How to use: Your distinctiveness must come within your offer but can also be effective in your sales page lead and pre-sales page traffic source. Focus on unique mechanisms or features. Or view this article.

Hack 3: Price anchoring

The first price (or number) mentioned in your sales page becomes a reference point for future prices or numbers. Our minds use that number to help determine value, especially in a unique offer (because there’s nothing else directly comparable). As an example, let’s consider two scenarios: 

Scenario 1: You find a site that compares sales funnel software. The sales funnel software A costs £340 a month, but software B costs £60. Software B seems like a good deal.

Scenario 2: You visit a different sales funnel software site. Software C is top of the list and costs £14 per month. Software B comes next and is still priced at £60 per month. But this time, software B seems a little steep.

In different contexts, the same price can be perceived very differently.

How to use: You need to control the context and comparison set of your offer. And you do that by introducing other higher prices to frame yours as better value. To take this further, you can use a higher price to highlight the cost of other alternative methods of achieving the same result or the cost of not taking action. You push them away from other options and pull them onto yours. For example, writing a one-off sales page vs paying the salary and commission of a salesperson.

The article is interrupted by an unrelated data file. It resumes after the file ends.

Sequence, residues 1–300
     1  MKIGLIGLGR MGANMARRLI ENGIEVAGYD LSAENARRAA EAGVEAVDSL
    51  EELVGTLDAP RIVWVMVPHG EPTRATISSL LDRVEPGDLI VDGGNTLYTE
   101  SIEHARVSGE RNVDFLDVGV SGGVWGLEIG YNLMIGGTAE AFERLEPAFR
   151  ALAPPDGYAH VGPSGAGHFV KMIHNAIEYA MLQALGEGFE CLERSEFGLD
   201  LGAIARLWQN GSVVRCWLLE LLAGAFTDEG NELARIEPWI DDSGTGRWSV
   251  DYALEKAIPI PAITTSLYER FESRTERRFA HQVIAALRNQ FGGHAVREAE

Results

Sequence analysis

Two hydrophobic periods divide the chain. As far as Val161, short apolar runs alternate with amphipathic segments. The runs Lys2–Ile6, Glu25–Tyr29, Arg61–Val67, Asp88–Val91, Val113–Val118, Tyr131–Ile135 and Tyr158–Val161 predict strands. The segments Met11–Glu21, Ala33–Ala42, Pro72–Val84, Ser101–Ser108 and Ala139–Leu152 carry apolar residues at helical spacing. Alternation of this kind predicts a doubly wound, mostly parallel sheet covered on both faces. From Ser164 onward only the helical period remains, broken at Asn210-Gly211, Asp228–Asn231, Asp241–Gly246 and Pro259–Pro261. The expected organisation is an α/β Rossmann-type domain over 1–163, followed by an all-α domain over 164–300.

You can use this early in your sales page but reiterate it when you introduce your offer (but before you mention your price!)

Hack 4: Social proof

We follow the behaviour of others and trust what other people trust. It’s less mental effort than figuring it out for ourselves. So, on your sales page, you must show that others already trust you. Show its popularity. You can do this in a number of ways (e.g. state the number of customers, show transformations, share reviews and testimonials).

How to use: Best used once you’ve introduced your offer, although, you can integrate it into your sales story. Story proof should be in addition to the other forms – not by itself. Use your proof to let others help sell your offer for you.

Hack 5: Negative social proof